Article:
bannerFranchisor Stories

How Much Does It Cost to Invest in Scoop Soldiers and How Much Can I Make?

Whether franchisees are starting from scratch or purchasing an enhanced territory, the pooper scooper concept offers a fast ramp-up, low start-up costs and more.

By Luca Piacentini1851 Franchise Managing Editor
SPONSOREDUpdated 12:12PM 03/21/23

Scoop Soldiers, the pet waste removal franchise that aims to help pet owners and their four-legged friends by taking on the dirty work of pet ownership, offers savvy investors the chance to capitalize on the growing demand for residential and commercial waste removal services. With a proven business model, lower-cost, multi-unit investment and wide-open territory availability, Scoop Soldiers has become a premier player in the growing “pooper scooper” services segment. 

The total cost necessary to open a Scoop Soldiers franchise comes in between $61,300 to $111,300, which is significantly lower than many competitors. According to the brand’s most recent Item 19, Scoop Soldiers franchisees see an average 65% to 85% gross margin after costs of goods sold, making it a particularly high margin business.

That affordability is part of the reason why Jeff Easterling, for example, opened a brand new Scoop Soldiers in Arkansas last year. Easterling has worked in corporate America his entire career, mostly in the restaurant and food service brokerage industry. 

“I’ve worked for large companies my entire life,” Easterling said. “I wanted an opportunity to make money that would go straight to me, not a company. I was looking into franchising because I knew I would get support to start and operate my own business. I picked Scoop Soldiers because of the national brand they are building, their marketing and the support they offer. I looked at many companies, but when I came across Scoop Soldiers, I saw that they offered their franchisees more support than most brands. They handle the backside of the business, and that is very nice to have.”

In addition to starting a new operation from scratch, Scoop Soldiers offers franchisees the opportunity to invest in an enhanced territory where a corporate operation has already developed and built up an established client base in the market. While the ramp-up of the business is already fast, enhanced territories can make it almost instantaneous. 

John Amaroufi and Ron Battaglia, for example, originally signed on as Scoop Soldiers' first franchisees in 2019, opening two territories of the pet waste removal franchise in the Dallas area. From there, they went on to invest in two additional enhanced territories in Dallas. Now, after seeing the quick scalability of that model, they are already expanding into Tampa with another enhanced territory.

Amaroufi comes from a long background in construction and finance. He bought a concrete construction company in 2011 before branching off into real estate and flipping houses on the side. Battaglia left a 25-year career in the corporate world to start his lawn care company. In the two decades since then, he has started several businesses and met Armoufi through real estate investments.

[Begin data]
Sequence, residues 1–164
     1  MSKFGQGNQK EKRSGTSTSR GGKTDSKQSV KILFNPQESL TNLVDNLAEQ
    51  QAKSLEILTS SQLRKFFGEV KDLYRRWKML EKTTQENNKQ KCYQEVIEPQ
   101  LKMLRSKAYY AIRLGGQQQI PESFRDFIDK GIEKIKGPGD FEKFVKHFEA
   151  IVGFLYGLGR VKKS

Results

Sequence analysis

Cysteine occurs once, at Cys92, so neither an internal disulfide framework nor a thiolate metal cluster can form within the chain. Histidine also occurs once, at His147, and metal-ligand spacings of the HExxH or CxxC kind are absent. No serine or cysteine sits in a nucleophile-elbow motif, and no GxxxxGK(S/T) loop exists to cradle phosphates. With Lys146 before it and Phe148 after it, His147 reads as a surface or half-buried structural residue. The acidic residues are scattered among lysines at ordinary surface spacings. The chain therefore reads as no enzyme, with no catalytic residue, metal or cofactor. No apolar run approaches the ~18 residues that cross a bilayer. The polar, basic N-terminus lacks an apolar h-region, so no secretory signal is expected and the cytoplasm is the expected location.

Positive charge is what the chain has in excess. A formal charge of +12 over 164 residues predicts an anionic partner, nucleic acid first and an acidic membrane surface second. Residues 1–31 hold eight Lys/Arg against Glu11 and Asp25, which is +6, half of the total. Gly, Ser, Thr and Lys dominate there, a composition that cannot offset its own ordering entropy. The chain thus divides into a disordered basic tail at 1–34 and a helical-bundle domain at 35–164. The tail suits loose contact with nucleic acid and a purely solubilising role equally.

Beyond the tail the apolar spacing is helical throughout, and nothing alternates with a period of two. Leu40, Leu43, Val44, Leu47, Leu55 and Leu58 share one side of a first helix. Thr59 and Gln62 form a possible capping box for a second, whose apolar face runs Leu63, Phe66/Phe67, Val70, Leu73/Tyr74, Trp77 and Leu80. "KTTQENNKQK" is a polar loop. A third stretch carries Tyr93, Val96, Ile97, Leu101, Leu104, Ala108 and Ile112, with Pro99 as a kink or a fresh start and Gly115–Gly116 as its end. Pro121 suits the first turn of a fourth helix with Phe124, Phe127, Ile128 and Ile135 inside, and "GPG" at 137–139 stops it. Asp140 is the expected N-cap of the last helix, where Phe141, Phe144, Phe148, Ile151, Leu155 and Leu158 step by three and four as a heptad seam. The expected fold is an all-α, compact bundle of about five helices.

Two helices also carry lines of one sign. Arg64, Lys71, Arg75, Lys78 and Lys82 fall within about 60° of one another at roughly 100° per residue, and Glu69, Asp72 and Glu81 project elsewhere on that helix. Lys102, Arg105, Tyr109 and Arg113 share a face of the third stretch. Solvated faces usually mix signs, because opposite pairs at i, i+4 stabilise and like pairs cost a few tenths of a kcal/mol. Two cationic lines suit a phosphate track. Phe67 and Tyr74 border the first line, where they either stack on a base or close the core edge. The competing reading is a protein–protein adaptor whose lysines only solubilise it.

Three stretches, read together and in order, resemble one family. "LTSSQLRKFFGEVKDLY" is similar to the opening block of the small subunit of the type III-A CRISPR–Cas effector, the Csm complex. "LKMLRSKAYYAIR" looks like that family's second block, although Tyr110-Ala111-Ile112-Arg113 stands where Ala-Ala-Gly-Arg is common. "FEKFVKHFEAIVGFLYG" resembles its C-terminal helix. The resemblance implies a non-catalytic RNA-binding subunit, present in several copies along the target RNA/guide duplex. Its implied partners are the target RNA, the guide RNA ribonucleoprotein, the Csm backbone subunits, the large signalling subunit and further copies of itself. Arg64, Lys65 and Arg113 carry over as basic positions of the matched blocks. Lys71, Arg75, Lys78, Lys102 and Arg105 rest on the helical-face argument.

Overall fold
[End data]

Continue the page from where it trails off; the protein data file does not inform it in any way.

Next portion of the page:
“After looking at the numbers, I knew it would be harder to scale if we just picked one spot in the beginning,” said Amaroufi. “With multiple locations, you can gain more momentum to expand in the future.”

The brother-and-sister team of Andrew Entwistle and Heather Harrington in Austin, Texas are another example of Scoop Soldiers franchisees taking advantage of enhanced territories.

Harrington has a background in various industries, as well as experience on the corporate Scoop Soldiers team as operations manager. Entwistle is an Army veteran who also has management experience on the corporate side of Scoop Soldiers as a training department manager. When they heard about the enhanced territory opportunity, they decided to try their hand at being franchise owners themselves. 

“Because of our experience, we already knew what it took to run a territory in terms of what it is going to cost you, the manpower, scalability, overhead costs,” said Entwistle. “It was kind of an easy choice for me. I knew instantly that it was something I wanted to do.”

In terms of the financials, Harrington says the benefits were clear. “We don’t need to pay rent for anything, which saves a lot of money,” she said. “Also, by taking on a territory that already has clients and is already running, we don’t have to wait for revenue to build up — it was instant profitability. That was a major leg up. But Scoop Soldiers franchisees tend to get off the ground pretty quickly, even without enhanced territories.”

Looking ahead, Scoop Soldiers is planning to target another 30 additional franchise territories, either through existing or new franchisees and is targeting an additional five to six new markets, including in Seattle, D.C., North Carolina and Salt Lake City, Utah. 

The total cost to invest in Scoop Soldiers ranges from $61,300 to $111,300 per territory. To learn more about franchising with Scoop Soldiers, visit